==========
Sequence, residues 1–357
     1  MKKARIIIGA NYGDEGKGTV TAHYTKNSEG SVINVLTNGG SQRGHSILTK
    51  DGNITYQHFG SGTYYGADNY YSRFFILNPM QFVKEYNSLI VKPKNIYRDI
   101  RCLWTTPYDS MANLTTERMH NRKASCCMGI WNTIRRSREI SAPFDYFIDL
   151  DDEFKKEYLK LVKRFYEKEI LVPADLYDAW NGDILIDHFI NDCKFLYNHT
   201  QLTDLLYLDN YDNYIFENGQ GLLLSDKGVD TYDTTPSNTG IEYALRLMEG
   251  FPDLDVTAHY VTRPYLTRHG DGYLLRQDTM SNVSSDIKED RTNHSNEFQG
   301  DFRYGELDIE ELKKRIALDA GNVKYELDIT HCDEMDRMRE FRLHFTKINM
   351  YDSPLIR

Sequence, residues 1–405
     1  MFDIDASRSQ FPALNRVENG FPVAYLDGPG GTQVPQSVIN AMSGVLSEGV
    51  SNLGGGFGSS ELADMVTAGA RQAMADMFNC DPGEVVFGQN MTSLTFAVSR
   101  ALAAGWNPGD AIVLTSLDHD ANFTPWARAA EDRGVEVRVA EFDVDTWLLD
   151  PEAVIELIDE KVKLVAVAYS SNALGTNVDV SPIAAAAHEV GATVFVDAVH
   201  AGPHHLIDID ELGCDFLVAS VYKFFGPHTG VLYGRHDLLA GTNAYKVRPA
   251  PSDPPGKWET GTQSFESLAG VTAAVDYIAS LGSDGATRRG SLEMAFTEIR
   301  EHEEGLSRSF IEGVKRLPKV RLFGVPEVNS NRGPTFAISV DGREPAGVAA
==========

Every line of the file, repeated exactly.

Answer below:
Sequence, residues 1–357
     1  MKKARIIIGA NYGDEGKGTV TAHYTKNSEG SVINVLTNGG SQRGHSILTK
    51  DGNITYQHFG SGTYYGADNY YSRFFILNPM QFVKEYNSLI VKPKNIYRDI
   101  RCLWTTPYDS MANLTTERMH NRKASCCMGI WNTIRRSREI SAPFDYFIDL
   151  DDEFKKEYLK LVKRFYEKEI LVPADLYDAW NGDILIDHFI NDCKFLYNHT
   201  QLTDLLYLDN YDNYIFENGQ GLLLSDKGVD TYDTTPSNTG IEYALRLMEG
   251  FPDLDVTAHY VTRPYLTRHG DGYLLRQDTM SNVSSDIKED RTNHSNEFQG
   301  DFRYGELDIE ELKKRIALDA GNVKYELDIT HCDEMDRMRE FRLHFTKINM
   351  YDSPLIR

Sequence, residues 1–405
     1  MFDIDASRSQ FPALNRVENG FPVAYLDGPG GTQVPQSVIN AMSGVLSEGV
    51  SNLGGGFGSS ELADMVTAGA RQAMADMFNC DPGEVVFGQN MTSLTFAVSR
   101  ALAAGWNPGD AIVLTSLDHD ANFTPWARAA EDRGVEVRVA EFDVDTWLLD
   151  PEAVIELIDE KVKLVAVAYS SNALGTNVDV SPIAAAAHEV GATVFVDAVH
   201  AGPHHLIDID ELGCDFLVAS VYKFFGPHTG VLYGRHDLLA GTNAYKVRPA
   251  PSDPPGKWET GTQSFESLAG VTAAVDYIAS LGSDGATRRG SLEMAFTEIR
   301  EHEEGLSRSF IEGVKRLPKV RLFGVPEVNS NRGPTFAISV DGREPAGVAA